Oral 52 Potential Risks of Immunosuppressant Drugs to the Pregnant Patient
Author Insight from Brindusa Truta Johns Hopkins University School of Medicine, Department of Medicine
What’s new here and important for clinicians?
The treatment of chronic autoimmune disease in pregnancy represents a challenge for many providers. The drugs shown to have therapeutic benefit, such as the biologics and immunosuppressant medications (mainly thiopurine), have potentially negative, long-term effects on babies who undergo intrauterine exposure to these drugs.
We have learned that the most important factor in the pregnancy outcome, at least for inflammatory bowel disease, is the activity of the disease: as long the disease is in remission, a pregnant woman with IBD has a similar risk for preterm birth, intrauterine growth retardation, small for gestation and stillborn baby as a pregnant woman without IBD. Therefore, maintaining remission is the goal of any provider involved in the care of IBD, and this goal justifies the use of more aggressive therapy (biologics, thiopurine) if needed.
Despite the reassurance given by the results of the PIANO study, which focused on 1,000 IBD pregnancies treated with immunosuppressive drugs and showed that use of biologics (anti-tumor necrosis factors) and thiopurines is not associated with an increased risk of poor outcomes in pregnancy, many women discontinue the medications because they are concerned about the long-term effect of the medications on the baby. If the disease relapses and the patient becomes symptomatic, corticosteroids are preferred as a “safe” alternative to conventional therapy.
For this reason, we aimed to investigate the risk associated with the use of thiopurines, biologics and steroids in pregnancy, and we performed a retrospective analysis of 1,134,964 pregnant women registered with the Truven Health Analytics MarketScan database from January 2010-December 2012.
Over 20, 000 (21,457) pregnant women were exposed to these medications: 522 were exposed to anti-TNF (infliximab, adalimumab and certolizumab), 317 to thiopurines, 47 to both (anti-TNF and thiopurines) and 20,422 to steroids (orally or intravenously). Six thousand, five hundred eighty-six pregnant women had IBD and 1,391 of these were exposed to immunosuppressive drugs, including steroids.
The use of anti-TNFs or thiopurines was found to be safe and not associated with an increased risk of poor outcomes, e.g. intrauterine growth retardation (IUGR), stillbirth or puerperal infection; however, combination therapy of anti-TNFs and thiopurines was associated with increased risk of preterm births (6.75% vs 19.15%; p=0.001) and risk for severe acute respiratory infections in the first 2 years of life.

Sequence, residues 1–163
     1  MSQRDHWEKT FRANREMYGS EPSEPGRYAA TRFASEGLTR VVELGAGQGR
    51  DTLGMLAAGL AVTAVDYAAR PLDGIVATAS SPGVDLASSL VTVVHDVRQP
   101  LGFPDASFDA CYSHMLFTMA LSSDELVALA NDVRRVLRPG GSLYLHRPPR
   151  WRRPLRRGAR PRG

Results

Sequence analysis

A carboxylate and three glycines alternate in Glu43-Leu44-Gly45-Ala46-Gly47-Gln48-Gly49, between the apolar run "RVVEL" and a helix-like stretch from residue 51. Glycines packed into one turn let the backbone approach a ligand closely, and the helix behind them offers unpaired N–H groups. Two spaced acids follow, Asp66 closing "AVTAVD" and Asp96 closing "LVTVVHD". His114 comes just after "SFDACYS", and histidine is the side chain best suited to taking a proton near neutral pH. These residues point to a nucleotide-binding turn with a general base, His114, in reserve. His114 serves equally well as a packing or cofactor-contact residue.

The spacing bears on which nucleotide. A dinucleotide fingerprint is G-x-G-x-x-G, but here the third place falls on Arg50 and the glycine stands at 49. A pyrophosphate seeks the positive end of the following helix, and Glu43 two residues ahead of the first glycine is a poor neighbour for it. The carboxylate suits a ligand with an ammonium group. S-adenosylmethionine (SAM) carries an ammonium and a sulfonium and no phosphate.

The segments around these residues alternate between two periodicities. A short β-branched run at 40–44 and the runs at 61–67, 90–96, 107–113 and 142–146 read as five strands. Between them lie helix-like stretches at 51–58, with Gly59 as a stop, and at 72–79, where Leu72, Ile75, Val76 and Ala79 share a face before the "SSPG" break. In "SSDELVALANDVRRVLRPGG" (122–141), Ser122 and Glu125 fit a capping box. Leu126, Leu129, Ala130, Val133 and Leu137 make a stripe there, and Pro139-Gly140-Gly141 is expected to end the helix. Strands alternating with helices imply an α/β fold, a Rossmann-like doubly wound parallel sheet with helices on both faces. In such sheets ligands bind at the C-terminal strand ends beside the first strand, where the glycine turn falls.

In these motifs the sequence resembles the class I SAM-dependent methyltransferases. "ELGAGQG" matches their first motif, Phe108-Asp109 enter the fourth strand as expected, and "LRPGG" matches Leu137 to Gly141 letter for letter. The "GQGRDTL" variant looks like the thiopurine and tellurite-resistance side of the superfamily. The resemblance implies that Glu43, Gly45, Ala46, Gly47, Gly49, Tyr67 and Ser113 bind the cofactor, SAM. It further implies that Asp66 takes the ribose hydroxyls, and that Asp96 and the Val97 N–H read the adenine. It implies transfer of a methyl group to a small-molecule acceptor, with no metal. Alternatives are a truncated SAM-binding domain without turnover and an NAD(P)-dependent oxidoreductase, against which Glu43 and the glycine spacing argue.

All the immunosuppressant drugs were associated with increased risk for severe acute respiratory infection in the first 2 years of life, more significantly in combination therapy (p<0.001).
Importantly, the use of steroids in IBD showed a significant increased risk for preterm birth, IUGR and stillbirth (7.83% vs 13.74%, 2.5 vs 5.13% and 0.71% vs 1.83%; p=0.006, respectively). In the non-IBD population, steroid use was also associated with fetal abnormalities (1.77% vs 2.39%). These side effects were not seen with budesonide, probably because of the lower dosage per treatment and lower blood levels in comparison with prednisone of intravenous steroids.
It is possible that, in fact, the risk associated with steroids does not represent the side effects of the drug but rather a poor control disease during which the steroids are only masking the ongoing activity of the inflammation. In either case, corticosteroids do not represent a safe treatment option.
We conclude that the use of biologics and thiopurine in IBD pregnancy is not associated with a higher risk of complications when compared with the general population, unless when used in combination with steroids. Corticosteroids may be useful in an acute setting to control the flare-ups, but long-term use in pregnancy is associated with poor outcomes for the mother and the baby.
Brindusa Truta Johns Hopkins University School of Medicine, Department of Medicine
Media Interview Requests:
To arrange an interview with any ACG experts or abstract authors please contact Jacqueline Gaulin of ACG via email firstname.lastname@example.org or by phone at 301-263-9000.